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pHat Wines


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Has anyone noticed a trend in California wines toward a much fatter pH style? A softer mouthfeel with tons of oak that make young wines fresh off the bottling line seem rich and succulent. My beef is that although this seems to be what many consumers (and writers) desire, the longevity of the wine is compromised because there's not enough "high fruit" and crisp acidity to carry the wine out for even 7-10 years. Wines with a high pH get flabby fast in the cellar.

Do wine buyers still ask for pH information? Does anyone read it? Does anyone understand what it means? Does anyone care? :unsure:

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Mary Baker

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Not many labels contain this information. Some wineries have it available on their web sites, but that's still only a small number (I seem to find that information provided more frequently on European wine producer web sites than on U.S. ones for some reason).

I would guess much of it is provided to distributors, but I'm not sure how much they really use it with retailers or with the public (at industry tastings).

As far as the trend, it's been happening for some time. I've found more than a few CA Cabs and other reds "drop fruit" much more quickly than one would've originally thought or expected, or even wanted. We need to keep in mind that most of the wine purchased at retail is still purchased by people who are going to drink it within the week. And those who cellar wine are such a miniscule part of the wine buying public. And even those probably have more who are into short-term cellaring. And, of course, the low acid, high oak, lush wine get the high ratings.

We cannot employ the mind to advantage when we are filled with excessive food and drink - Cicero

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And, of course, the low acid, high oak, lush wines get the high ratings.

Yes, they do, and it's an issue that Dan and I struggled with earlier this year. After all, we're already planning how to style the 2004 vintage (no time to think during harvest), and we have three vintages in barrel.

We finally decided to stick with our signature style. It has less oak and more vineyard presence that the current pHashion, but we've decided that at our level of production it's more important to be consistent and loyal to ourselves and our customer base than to chase higher scores in the lifestyle wine mags. (Parker gives us consistent compliments, and who can't be happy with that?)

Besides, the Wine Spectator's submission sheet has been changed to read that unless they actively "solicit" your wines, you probably won't get reviewed. :unsure:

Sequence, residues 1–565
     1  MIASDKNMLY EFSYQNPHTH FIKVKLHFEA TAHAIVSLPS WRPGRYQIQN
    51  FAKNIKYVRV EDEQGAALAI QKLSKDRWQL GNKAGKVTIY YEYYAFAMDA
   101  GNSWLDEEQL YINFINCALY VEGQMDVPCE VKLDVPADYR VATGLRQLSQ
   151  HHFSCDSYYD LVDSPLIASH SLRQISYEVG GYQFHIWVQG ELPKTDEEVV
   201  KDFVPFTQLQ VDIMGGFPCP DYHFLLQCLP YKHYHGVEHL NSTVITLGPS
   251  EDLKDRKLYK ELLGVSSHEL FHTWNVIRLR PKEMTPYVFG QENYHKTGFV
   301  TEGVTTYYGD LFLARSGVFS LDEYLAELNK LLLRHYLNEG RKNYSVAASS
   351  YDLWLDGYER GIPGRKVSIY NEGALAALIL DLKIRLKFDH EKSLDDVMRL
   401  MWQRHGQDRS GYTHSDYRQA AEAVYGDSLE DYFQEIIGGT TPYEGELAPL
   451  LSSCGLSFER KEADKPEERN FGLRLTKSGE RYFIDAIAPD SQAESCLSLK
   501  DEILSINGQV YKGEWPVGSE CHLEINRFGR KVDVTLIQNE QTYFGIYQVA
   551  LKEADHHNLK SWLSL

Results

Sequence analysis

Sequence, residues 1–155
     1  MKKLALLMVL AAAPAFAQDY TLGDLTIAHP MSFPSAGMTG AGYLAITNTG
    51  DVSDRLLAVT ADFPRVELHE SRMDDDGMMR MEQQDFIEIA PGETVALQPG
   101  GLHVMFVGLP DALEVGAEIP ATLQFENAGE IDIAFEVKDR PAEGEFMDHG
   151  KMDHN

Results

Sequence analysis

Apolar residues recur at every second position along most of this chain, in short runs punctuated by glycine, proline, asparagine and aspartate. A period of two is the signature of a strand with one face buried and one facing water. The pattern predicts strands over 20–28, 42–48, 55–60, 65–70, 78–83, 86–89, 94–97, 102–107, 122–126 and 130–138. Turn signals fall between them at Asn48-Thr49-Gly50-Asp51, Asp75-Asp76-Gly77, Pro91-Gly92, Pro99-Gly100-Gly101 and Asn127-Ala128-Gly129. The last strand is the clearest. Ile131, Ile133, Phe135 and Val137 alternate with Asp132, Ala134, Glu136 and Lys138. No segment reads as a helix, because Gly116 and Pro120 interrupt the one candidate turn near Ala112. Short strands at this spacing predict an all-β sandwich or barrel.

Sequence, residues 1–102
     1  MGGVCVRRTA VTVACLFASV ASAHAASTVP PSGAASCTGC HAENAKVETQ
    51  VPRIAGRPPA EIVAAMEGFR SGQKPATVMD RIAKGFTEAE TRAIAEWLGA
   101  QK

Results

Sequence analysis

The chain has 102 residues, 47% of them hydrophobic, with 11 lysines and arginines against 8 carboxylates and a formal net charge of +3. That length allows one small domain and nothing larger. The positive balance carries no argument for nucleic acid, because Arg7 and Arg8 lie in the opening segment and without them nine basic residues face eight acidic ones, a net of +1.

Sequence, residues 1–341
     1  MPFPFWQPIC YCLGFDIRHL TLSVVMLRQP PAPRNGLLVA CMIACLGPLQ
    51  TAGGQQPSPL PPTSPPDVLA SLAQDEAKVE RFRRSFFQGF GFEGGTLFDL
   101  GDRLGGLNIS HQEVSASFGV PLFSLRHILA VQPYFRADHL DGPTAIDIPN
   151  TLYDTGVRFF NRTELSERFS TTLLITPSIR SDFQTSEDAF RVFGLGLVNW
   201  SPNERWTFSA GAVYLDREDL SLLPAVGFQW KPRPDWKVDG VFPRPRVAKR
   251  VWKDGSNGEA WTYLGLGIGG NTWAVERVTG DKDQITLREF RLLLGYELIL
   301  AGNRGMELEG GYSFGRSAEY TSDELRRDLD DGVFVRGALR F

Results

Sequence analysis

But back to the pHacts, I see quite a few informal wine reviews in this forum, and whenever I taste a wine I think, Nice Now, Nice Later? and pH vs. acidity is a big part of that.

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Mary Baker

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I am the web guy for a wine agent in Ontario, and when I created our web site, I made the decision to include as much technical information on each wine we sell as possible. Therefore, pH, Total Acidity, Residual Sugar, if the producer supplies it to me, I make it available to our customers. Even if you're not "our" customer, since this is available on our site for many wines, it may be useful to you no matter where you live. (http://www.liffordwineagency.com/)

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Hmmmmm... very interesting discussion. I gotta admit, I've never considered looking at pH whatsoever.

Residual sugar, on the other hand, is something I peruse just to assure that the Gewurtzs I drink are more Alsatian in style than a dessert wine.

Got to investigate this more, me thinks.

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Do wine buyers still ask for pH information? Does anyone read it? Does anyone understand what it means? Does anyone care? :unsure:

I've never seen pH values ever printed on any wine label, and I'm doubtful the average consumer really understands the significance of even alcohol percentage which actually IS on every label..

C.R.

aka "Greg Koetting"

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I've never seen pH values ever printed on any wine label, and I'm doubtful the average consumer really understands the significance of even alcohol percentage which actually IS on every label..

Sorry, I should have been more specific. By "buyers" I meant retailers. I think of the end-user as a "consumer." (Because, I guess, they consume!)

Retailers and reviewers used to be more interested in this information, to the point they'd insist on getting it, and frankly, I'm glad they've loosened up about it because there are so many other factors that influence a wine's character. It's just interesting (to me, at least :rolleyes: ) that retail buyers are either less interested in, or less educated about, what pH and TA mean, and this trend coincides with a rising popularity of wines with a hefty pH. Hmm.